What they’ve learnt: attention and empathy

This week, we’re taking another look at the things our clients have learnt throughout the time we’ve been working together. This time, we’re focusing on how paying close attention to our team and exercising our empathy muscles can make us better leaders.

Glen Wade-Ferrell, Commercial Manager within the Department of Defence, found that his 360 review showed him just how important empathising with his team was so he made it his mission to really work on it and utilise empathy more with his team.

“My staff recognise I am very busy but we all are and I owe it to them to give them my undivided attention,” he said, reflecting on his use of empathy before working with People Make the Difference.

What is empathy and why does it matter at all for a leader?

Empathy is an important factor in all human relationships, regardless of whether they are personal or professional. Empathy is the ability to recognise and share other people’s feelings but it doesn’t just stop there. However, it’s not all about feeling; your feelings need to translate into real verbal or behavioural actions so that the people around you know and feel that they are being empathised with.

A study by the Center for Creative Leadership showed that there was a positive relationship between empathetic emotion and job performance all over the world and this relationship is the foundation for a strong, cohesive and high-performing team.

How can I empathise more as a leader?

Not everyone is born with empathetic tendencies but those muscles are something that can be exercised and built up over time. It’s worth spending the time building up those muscles – if you’re not listening to your team, you’ll find it hard to understand their side of the story.

One thing that Glen has found helpful is taking time each month to have one-on-one discussions with each of his staff:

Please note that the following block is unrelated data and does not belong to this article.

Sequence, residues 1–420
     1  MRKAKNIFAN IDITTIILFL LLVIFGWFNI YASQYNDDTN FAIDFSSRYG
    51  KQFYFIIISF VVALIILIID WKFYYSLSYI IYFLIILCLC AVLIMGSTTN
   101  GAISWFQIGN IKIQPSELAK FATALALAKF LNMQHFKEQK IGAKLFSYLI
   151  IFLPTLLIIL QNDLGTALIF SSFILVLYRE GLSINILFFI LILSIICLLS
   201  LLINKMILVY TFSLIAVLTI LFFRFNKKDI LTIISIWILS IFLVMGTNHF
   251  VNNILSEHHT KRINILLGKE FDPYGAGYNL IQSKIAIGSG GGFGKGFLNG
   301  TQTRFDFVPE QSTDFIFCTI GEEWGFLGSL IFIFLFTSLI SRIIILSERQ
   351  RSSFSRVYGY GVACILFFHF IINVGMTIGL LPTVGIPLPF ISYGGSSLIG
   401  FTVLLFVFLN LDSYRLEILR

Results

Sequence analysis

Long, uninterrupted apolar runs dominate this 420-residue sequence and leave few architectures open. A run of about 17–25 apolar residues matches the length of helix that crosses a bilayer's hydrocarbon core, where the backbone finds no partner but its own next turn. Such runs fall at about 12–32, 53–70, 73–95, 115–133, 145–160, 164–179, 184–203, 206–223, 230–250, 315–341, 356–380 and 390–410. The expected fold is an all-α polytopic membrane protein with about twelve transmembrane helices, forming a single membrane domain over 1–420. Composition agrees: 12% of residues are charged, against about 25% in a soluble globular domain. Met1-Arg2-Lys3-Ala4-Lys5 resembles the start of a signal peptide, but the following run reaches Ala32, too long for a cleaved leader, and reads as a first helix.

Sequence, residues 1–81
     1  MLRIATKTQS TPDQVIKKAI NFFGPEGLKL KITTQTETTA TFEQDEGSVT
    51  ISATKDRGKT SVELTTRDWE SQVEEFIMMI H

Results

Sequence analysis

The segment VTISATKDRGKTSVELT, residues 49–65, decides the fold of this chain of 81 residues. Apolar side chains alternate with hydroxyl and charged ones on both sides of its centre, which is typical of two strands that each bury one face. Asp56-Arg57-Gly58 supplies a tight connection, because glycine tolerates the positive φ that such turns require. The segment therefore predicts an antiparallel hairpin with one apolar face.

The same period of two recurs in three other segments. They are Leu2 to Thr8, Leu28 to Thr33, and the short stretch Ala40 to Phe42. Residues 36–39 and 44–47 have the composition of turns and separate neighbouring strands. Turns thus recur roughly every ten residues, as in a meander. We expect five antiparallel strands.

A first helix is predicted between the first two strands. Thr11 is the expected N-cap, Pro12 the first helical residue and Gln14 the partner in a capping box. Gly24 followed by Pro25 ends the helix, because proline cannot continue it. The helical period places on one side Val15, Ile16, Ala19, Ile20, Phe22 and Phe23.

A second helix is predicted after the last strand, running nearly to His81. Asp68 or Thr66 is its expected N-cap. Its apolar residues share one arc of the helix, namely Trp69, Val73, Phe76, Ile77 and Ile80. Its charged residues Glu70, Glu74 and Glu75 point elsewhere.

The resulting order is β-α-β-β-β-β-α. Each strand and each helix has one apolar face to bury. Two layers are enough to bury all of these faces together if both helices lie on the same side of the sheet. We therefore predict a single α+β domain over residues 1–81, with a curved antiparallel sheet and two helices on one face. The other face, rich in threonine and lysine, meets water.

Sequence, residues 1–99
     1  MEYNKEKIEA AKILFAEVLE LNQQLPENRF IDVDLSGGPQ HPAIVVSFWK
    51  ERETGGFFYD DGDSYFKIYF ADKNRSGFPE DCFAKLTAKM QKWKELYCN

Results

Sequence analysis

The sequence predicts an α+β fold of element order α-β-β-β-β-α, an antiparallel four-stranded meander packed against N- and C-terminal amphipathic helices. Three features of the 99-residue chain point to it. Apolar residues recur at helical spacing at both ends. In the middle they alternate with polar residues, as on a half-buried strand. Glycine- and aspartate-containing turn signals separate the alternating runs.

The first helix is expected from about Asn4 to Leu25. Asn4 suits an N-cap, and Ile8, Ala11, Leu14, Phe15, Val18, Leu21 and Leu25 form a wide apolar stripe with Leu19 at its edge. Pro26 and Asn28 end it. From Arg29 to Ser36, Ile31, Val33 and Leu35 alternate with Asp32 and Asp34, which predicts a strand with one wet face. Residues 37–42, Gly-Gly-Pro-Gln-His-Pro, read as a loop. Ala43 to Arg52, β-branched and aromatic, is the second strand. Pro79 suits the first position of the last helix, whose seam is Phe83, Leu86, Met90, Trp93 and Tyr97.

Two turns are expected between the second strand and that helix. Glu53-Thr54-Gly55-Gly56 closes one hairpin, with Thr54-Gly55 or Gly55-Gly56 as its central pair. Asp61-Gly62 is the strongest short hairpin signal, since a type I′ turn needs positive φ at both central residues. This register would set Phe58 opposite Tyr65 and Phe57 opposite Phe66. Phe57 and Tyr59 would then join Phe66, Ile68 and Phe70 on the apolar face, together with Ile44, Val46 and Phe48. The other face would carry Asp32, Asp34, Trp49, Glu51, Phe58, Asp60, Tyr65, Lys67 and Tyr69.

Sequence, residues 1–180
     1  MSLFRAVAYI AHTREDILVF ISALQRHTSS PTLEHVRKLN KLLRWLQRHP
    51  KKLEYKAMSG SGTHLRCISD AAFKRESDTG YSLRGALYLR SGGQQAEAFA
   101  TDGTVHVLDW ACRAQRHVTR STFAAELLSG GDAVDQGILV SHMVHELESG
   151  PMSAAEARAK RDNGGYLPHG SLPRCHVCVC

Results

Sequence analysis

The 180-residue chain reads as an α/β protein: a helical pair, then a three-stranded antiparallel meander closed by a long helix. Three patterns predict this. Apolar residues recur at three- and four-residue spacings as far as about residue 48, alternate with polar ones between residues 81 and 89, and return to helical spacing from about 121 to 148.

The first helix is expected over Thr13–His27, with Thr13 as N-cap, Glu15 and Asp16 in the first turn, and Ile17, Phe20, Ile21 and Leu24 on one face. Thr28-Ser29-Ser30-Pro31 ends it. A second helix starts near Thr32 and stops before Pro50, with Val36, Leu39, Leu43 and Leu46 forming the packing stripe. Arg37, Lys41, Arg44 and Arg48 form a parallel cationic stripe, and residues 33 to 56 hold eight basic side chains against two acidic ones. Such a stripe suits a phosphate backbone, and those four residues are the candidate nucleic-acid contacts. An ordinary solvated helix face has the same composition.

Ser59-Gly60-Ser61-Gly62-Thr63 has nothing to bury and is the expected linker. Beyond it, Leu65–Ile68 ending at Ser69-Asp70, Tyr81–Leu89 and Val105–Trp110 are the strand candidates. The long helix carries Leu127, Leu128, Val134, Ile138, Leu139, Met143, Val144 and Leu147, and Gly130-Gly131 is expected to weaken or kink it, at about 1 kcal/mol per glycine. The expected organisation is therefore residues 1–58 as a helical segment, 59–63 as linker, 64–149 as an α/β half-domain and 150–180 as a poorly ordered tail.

“I can give undivided attention and my team feel more comfortable seeking advice and support in a more secure and less exposed environment. My team have become more accountable as it’s their responsibility to bring discussion topics to the sessions, not mine.”

Not only are one-on-one discussions helpful, it’s important to be an active listener at all times and it’s important to pay close attention to each of your team members to find out what really makes them tick.

“I have taken an active interest in understanding what is important to my staff, what drives them and what bothers them,” Glen added.

Although, like most people, he had a good base of emotional intelligence (EQ), Glen knew that he could push himself further to focus more on his EQ  to boost his leadership skills and help his team to grow.

“The main benefit about understanding your own EQ capability is spotting the EQ capability (or lack thereof) in others and, by seeing how others display self-awareness and self-monitor their emotional responses it improves my own EQ capabilities and makes me not only a better person but a better leader.”

So, what are you waiting for? Start paying attention and really listening to your team.

If you’re ready to start boosting your emotional intelligence, People Make the Difference can help. To find out more, visit www.pmtd.com.au or call us on 0412 333 415. Our online leadership training videos start from $99 for a year’s access, with new video training added each quarter. Great value if you’re committed to growing your leadership potential.